Should I Buy a Going Business? Startup vs. Acquistion


The debate about buying a going business as opposed to starting from scratch has always been an interesting and active one. While there is no doubt that in the world of large, public companies, mergers and acquisitions have played a key role in the growth of many successful businesses, in the world of small business, particularly retailing, that is not always the case.

The basic premise of buying a going business revolves around a number of key points, some of which are positive, but some of which can be negative. While many of these points are unique to pharmacy, some of them are not. They include:

  • The location of the business. Always a key point, as a good location can be the key driver of a successful business, hence the old axiom that the three most important factors for success in retailing are location, location and location. Some factors that create a positive here are the location itself, proximity to other stores that draw traffic, visibility and parking. These can and do vary widely, based on the trading area and the marketplace.
  • The length of time a business has been open is another important factor. A pharmacy with a long history in the same town, in the same location, possibly under the same ownership, usually has a reasonable amount of good will attached to it. This assumes, of course, that the business is successful, has a positive track record of growth in sales and that the current owner enjoys a positive relationship with his customers and the community.
  • Current cash flow, sales and profits, both gross and net, usually mean that a new owner will, at the very least, have the same rate of sale as the former owner, certainly at the time of the acquisition. This helps avoid the stress and anxiety of a new business, when one is waiting for those new customers to begin to patronize the pharmacy.
  • The current prescription activity, particularly refill prescriptions, more or less “guarantees” that the new owner will be able to continue that trend, barring unforeseen circumstances or a substantial/significant change in store operations directly after takeover.

These factors are usually the most important ones in the decision to buy an existing pharmacy rather than start up a new one. But with that said, there is clearly a price to be paid for them and sometimes that price, your investment plus debt incurred, is more than a young pharmacist, particularly a first-time owner, is willing to pay. The alternative then becomes opening a new pharmacy, which carries a set of issues and concerns of its own. These include:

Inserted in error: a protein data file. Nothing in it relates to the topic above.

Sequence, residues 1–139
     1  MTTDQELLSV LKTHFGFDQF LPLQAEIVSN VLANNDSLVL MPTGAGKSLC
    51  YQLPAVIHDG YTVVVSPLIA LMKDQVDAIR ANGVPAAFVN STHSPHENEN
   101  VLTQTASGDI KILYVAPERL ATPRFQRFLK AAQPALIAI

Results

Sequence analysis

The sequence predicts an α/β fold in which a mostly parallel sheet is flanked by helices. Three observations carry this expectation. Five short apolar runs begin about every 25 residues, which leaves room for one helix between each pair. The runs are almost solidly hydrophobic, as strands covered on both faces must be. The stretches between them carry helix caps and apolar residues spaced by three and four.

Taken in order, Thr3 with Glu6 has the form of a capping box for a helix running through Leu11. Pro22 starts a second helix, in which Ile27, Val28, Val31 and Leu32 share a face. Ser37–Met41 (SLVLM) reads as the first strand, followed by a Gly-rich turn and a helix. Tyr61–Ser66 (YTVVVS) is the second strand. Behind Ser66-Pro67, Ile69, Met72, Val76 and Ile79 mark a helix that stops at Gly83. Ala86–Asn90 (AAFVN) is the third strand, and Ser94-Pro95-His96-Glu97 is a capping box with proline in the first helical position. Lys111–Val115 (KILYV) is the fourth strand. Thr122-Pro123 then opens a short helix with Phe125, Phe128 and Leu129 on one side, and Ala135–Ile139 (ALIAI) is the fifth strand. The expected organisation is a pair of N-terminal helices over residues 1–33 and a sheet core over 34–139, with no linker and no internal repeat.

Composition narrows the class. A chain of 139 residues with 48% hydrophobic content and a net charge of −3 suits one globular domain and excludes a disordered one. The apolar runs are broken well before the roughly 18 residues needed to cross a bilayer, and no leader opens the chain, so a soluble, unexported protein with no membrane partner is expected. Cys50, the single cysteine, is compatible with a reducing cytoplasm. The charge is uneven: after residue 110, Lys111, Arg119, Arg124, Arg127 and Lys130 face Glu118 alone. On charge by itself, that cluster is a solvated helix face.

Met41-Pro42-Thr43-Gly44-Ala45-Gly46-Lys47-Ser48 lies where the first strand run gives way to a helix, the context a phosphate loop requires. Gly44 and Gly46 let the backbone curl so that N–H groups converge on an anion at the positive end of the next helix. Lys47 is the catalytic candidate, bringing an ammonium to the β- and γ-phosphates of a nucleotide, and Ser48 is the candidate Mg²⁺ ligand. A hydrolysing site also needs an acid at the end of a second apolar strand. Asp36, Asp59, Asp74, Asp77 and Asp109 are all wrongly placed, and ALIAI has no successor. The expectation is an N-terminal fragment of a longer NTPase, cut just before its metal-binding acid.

• The location: Similar if not identical to this issue with going businesses, a good location is critical when doing a startup. In today’s market, these are often medical center or clinic pharmacies, assuming there is a solid base of existing physicians already on-site, writing prescriptions every day. Alternatively, a good shopping center location, usually a strip center with a supermarket in it (preferably without a pharmacy) or other strong local retailers who provide traffic can be an acceptable/desirable place to open a new pharmacy.
  • The proposed lease is important: Reasonable rent, particularly in the early years, is essential for a startup. The need to keep all expenses as low as possible during the building period is clearly an important factor.
  • The need for working capital, to fund payroll and operating expenses during the startup period, is most important. Invariably, under-capitalized businesses suffer and often fail due to lack of operating capital in the early stages of operation.

The inevitable question that arises when one ponders these options is always “Which of these routes is better for me financially?” There is no simple answer to this question, as the variables are huge and the unknowns, in both scenarios, can be daunting. With that said, my personal preference is for buying a going business, particularly for first time buyers. This presumes, of course, that the buyer has the necessary down payment and investment capital and can deal with the debt he or she must incur to purchase a going business (we will discuss the financing of these transactions in another article in this series). In a well-structured transaction, with the proper down payment and working capital, a new owner can expect to draw a salary and service the debt incurred from the cash-flow of the existing business, though there are certainly no post-closing guarantees to this effect that will be issued by anyone.

The startup route, from my perspective, is usually better dealt with by an experienced/existing owner with one or more currently successful stores, who has the cash flow and profits from other businesses to help fund the transaction and provide the required working capital. In addition, current owners usually have wholesaler and supplier relationships that can help support his or her efforts in the early days through extension of credit and other means. But with that said, a first-time owner who has an opportunity to open a brand-new store in a great location should certainly take a hard look at the opportunity, weighing the risks versus the rewards and the lack of necessity to pay for “good will.”

Regardless of the route you choose, new business startup or acquisition of an existing business, it is important to do your homework on all aspects of the business, seek professional advice and outside assistance, and go into any transaction with your eyes wide open and your expectations firmly grounded I in reality. A well planned start up or the acquisition of an existing pharmacy can and will meet your requirements, financially and professionally.


This material is copywrited by Anthony P. De Nicola of, Inc. Publication or reprinting without the express permission of the author is forbidden.

Hilary Adorno